Barbados PM warns of ‘death sentence’ for low lying states if climate change not controlled

Low-lying states vulnerable to rising sea levels face a death sentence if adequate efforts are not made to slow global warming, Barbados Prime Minister Mia Mottley said Monday at the opening ceremony of the UN Climate Summit in Glasgow, Scotland.

She was the only Caribbean leader to speak at the opening ceremony. The increase in global temperatures, known as global warming, threatens countries with worsening climate events such as floods, heatwaves, droughts and others. Mottley noted that because small states are increasingly vulnerable to the worst effects of climate change, increased global temperatures will impact these smaller, developing countries first.

“Two degrees is a death sentence for the people of Antigua and Barbuda, for the people of the Maldives, for the people of Dominica and Fiji, for the people of Kenya and Mozambique and yes, for the people of Samoa and Barbados.


“We do not want that death sentence and we are here to say try harder,” the Prime Minister said.

Countries are meeting at the climate summit, called COP26, to work towards the global goal of limiting the global temperature increase to 1.5 degrees Celsius above pre-industrial levels. If this limit is exceeded, scientists have predicted that worsening climatic events will threaten people’s lives, livelihoods and food systems.

Among the actions being advocated for are the reduction in gas emissions from burning fossil fuels like oil, speeding up a transition to the use of more renewable sources of energy (such as solar and hydro energy) and adequate financing to help small, developing countries to become more resilient to climate change.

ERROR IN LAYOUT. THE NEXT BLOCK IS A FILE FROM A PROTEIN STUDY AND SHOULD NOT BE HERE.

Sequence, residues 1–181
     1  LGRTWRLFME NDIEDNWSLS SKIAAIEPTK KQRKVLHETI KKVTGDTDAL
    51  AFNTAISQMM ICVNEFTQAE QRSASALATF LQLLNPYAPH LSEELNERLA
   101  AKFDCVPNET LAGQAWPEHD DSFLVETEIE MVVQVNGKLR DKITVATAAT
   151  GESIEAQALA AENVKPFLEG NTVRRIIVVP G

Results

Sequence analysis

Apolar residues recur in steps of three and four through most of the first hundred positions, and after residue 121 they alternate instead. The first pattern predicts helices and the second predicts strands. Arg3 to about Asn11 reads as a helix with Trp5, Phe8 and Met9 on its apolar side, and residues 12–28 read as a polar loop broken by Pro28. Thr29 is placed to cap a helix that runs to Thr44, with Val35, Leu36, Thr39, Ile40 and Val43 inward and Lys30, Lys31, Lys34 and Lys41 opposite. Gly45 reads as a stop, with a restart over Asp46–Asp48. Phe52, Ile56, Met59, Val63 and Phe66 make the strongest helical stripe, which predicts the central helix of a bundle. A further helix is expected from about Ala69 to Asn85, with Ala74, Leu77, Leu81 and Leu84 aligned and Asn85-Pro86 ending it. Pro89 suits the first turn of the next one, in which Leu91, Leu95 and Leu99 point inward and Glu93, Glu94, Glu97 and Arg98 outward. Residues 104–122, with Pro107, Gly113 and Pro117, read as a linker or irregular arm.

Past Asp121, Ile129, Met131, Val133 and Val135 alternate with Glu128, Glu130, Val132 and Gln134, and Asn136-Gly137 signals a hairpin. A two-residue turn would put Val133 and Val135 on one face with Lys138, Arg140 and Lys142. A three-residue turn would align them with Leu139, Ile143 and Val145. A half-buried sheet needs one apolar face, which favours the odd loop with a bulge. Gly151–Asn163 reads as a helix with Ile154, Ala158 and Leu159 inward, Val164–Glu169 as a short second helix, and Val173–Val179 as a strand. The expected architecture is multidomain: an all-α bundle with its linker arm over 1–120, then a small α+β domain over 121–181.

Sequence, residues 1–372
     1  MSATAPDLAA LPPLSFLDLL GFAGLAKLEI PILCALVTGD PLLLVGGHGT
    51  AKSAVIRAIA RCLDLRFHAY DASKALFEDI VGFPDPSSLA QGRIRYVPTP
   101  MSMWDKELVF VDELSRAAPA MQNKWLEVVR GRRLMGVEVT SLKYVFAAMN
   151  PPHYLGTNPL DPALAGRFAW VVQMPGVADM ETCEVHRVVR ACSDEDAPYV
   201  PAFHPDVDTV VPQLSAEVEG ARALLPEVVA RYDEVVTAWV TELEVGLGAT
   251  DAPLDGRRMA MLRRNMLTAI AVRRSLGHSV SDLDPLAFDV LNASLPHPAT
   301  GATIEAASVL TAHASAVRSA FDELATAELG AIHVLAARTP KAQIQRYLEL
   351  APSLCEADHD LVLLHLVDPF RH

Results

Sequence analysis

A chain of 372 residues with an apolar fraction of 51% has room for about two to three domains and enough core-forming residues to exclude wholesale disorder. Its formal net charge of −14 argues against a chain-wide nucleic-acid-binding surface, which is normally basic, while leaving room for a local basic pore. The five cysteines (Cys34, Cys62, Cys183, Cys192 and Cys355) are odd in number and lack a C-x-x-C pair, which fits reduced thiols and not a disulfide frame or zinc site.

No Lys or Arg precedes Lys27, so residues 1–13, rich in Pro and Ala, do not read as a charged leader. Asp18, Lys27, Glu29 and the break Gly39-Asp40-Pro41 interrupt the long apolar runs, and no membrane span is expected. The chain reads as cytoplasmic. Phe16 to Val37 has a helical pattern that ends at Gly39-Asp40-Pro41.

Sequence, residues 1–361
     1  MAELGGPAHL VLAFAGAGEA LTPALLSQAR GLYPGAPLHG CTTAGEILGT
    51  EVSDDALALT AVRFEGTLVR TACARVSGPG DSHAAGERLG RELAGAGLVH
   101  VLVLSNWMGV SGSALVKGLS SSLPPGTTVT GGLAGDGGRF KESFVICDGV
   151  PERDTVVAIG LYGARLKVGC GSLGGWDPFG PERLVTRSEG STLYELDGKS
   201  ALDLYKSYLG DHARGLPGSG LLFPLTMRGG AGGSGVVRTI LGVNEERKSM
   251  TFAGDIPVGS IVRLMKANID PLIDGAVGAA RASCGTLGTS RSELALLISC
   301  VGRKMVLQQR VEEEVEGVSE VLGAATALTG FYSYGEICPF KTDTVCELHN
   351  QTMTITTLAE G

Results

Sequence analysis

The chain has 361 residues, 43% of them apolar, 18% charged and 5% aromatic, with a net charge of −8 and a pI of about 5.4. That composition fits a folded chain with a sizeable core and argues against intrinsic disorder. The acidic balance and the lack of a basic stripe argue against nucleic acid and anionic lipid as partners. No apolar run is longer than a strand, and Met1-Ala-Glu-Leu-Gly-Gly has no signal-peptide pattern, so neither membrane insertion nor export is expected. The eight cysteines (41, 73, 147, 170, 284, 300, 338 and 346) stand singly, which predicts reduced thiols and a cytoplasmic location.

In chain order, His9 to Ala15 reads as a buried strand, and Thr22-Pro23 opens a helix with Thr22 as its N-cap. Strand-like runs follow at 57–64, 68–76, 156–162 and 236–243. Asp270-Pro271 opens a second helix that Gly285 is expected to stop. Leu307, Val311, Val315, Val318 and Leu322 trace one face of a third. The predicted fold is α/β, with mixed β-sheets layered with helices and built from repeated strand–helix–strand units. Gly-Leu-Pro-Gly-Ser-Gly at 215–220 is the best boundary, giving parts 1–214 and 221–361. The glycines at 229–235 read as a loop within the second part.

Guyana, for example, has announced an updated Low Carbon Development Strategy (LCDS) wherein the country intends to receive funds to save its intact forest while pursuing a prolific oil and gas industry.

Guyana’s forest stores some 21.8 billion tonnes of carbon. If the trees are cut down, harmful gases would be released into the atmosphere which would cause further harm to the environment by increasing global warming.

Meanwhile, Prime Minister Mottley also emphasised that these small countries have not received adequate finance to rebuild sustainably or fund their efforts to cut emissions and increase the use of renewable energy.

She emphasised, “…. failure to provide critical finance is measured in lives and livelihoods in our communities.”

While calling for the larger, developed countries to stick to their financial commitments, she asks, too, “… are we so blinded and hardened that we can no longer appreciate the cries of humanity?”

Previously, both Guyana’s President Dr. Irfaan Ali and Prime Minister Mottley said that these smaller countries need the necessary finance to aid their development in light of climate change.


Vishani Ragobeer

Vishani Ragobeer

Vishani is a 22-year-old Guyanese journalist, with a special interest in science journalism. She is a Climate Tracker alum fellow, having reported on the COP26 climate negotiations. Vishani loves travelling, meeting new places and getting on top of high places.

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